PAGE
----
On ABC’s World News Saturday, correspondent John Hendren filed a report marking this year as the first time since 1947 that no members of the Kennedy family will hold public office in Washington, D.C. The piece began:
JOHN HENDREN: The sun has set on the Kennedy era. When Congress reconvenes next week, it will be the first time in 64 years that there has not been a Kennedy in office.
KATHLEEN KENNEDY TOWNSEND, DAUGHTER OF ROBERT F. KENNEDY: I think it's sad. I think that we need a Kennedy.
Hendren went on to recount the death of former Senator Ted Kennedy, "the Lion of the Senate," and the decision of Rhode Island Representative Patrick Kennedy to retire, as well as the shuffling of office space with the arrival of newly-elected Republicans. The ABC correspondent also noted that Tea Party-backed Rep. Ron Paul and Senator-elect Rand Paul are the only family members serving who will be serving concurrently in Congress.
Hendren concluded by offering a ray of hope for those would like to see the Kennedy family in government again:
On Thursday’s CBS Evening News, as correspondent Jan Crawford filed a report on the allegations that former Delaware Republican Senate nominee Christine O’Donnell misused campaign money, the CBS correspondent seemed dismissive of O’Donnell’s reaction to the accusations as Crawford harkened back to the 2010 campaign and described some of O’Donnell’s recent words as the Delaware Republican's response "whenever she faced embarrassing revelations." Crawford: "O'Donnell says the charges are dirty tricks by the political establishment. Now, if that sounds familiar, it should. That was often her response during the campaign whenever she faced embarrassing revelations."
After a clip of O’Donnell from the campaign accusing her opponents of "making up stories," then came a soundbite of David Catanese of Politico.com: "It's something she used during her entire campaign, she used in the primary and the general election. And here she is on morning TV again pitting herself against the world, basically."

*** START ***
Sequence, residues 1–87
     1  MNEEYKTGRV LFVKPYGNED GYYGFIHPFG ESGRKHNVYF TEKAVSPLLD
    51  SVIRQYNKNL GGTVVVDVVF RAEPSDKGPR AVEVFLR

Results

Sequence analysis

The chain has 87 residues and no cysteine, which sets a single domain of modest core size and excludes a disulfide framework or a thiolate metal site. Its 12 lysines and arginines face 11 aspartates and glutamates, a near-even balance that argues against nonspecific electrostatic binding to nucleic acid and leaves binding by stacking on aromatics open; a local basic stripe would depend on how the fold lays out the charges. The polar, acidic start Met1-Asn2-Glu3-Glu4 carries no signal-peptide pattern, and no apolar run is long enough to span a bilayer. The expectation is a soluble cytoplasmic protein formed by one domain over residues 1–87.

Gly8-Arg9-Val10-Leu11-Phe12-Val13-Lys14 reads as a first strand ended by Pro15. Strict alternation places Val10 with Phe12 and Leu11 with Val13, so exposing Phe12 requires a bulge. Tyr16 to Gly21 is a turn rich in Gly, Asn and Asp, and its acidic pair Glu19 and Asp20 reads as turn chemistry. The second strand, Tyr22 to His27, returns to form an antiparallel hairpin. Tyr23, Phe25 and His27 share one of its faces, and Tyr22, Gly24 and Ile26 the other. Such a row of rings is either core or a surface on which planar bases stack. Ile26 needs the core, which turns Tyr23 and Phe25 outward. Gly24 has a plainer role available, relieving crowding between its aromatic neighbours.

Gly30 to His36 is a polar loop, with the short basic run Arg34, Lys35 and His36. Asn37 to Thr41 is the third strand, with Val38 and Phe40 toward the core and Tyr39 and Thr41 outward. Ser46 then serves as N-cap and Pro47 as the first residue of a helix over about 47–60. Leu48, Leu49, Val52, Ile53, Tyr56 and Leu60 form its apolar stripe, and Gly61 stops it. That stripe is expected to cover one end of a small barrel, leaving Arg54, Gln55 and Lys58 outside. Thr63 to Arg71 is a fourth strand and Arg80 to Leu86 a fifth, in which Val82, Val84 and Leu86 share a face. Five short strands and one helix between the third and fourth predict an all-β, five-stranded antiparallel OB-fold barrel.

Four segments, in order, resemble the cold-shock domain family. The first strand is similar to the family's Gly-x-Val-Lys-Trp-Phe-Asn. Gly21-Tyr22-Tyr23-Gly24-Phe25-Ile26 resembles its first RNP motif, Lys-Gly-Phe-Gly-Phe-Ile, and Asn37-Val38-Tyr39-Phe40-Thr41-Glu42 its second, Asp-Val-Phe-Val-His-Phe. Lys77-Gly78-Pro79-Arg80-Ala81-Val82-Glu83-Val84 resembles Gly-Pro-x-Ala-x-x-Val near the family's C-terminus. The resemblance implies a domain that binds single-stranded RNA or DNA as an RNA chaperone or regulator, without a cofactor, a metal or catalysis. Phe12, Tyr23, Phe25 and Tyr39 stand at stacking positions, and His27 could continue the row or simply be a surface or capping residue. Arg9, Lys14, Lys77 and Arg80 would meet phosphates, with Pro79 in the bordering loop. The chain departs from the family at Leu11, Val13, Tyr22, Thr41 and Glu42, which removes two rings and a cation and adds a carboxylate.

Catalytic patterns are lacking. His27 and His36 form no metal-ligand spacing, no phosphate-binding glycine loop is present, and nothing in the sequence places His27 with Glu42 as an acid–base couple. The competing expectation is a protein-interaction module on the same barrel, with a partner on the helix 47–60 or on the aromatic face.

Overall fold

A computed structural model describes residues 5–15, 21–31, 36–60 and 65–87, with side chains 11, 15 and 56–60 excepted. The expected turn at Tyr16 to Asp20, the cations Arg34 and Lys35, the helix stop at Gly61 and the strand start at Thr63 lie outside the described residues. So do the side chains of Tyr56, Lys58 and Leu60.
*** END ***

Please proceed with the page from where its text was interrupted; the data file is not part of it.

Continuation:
As all the broadcast network evening newscasts on Saturday used words like "historic" and "landmark" to describe the Senate vote in favor of repealing the Don’t Ask, Don’t Tell policy on homosexuals serving in the military, the networks also provided substantially more soundbites to supporters of the measure than to those who opposed changing the policy.
On ABC, the lead report filed by correspondent David Kerley used soundbites from five supporters of lifting the ban, while only two soundbites featured opponents. Kerley began his report by quoting an unnamed "civil rights leader" calling Don’t Ask, Don’t Tell a "stain on our nation," and, after quoting President Obama’s statement supporting the measure, immediately highlighted a former military service member who is gay. Kerley:
"A stain on our nation has been lifted," is how one civil rights leader put it tonight, and President Obama says, quote, "No longer will our nation be denied the service of thousands of patriotic Americans just because they are gay." This Senate vote was very personal for thousands of service members. Major Mike Almy served in Iraq but was discharged when the Air Force learned he was gay. He's been battling Don't Ask, Don't Tell ever since.
CBS’s John Dickerson also brought up civil rights as he called the vote a "civil rights victory for the President," although he also uniquely used the term "liberals" to refer to some of the President’s supporters who advocated the policy change. Dickerson: " Well, it's definitely a civil rights win for him, and it’s a win politically with liberals in his party, and they’ve been angry with him. They were angry with him on this issue in particular because they felt like he wasn’t pushing hard enough.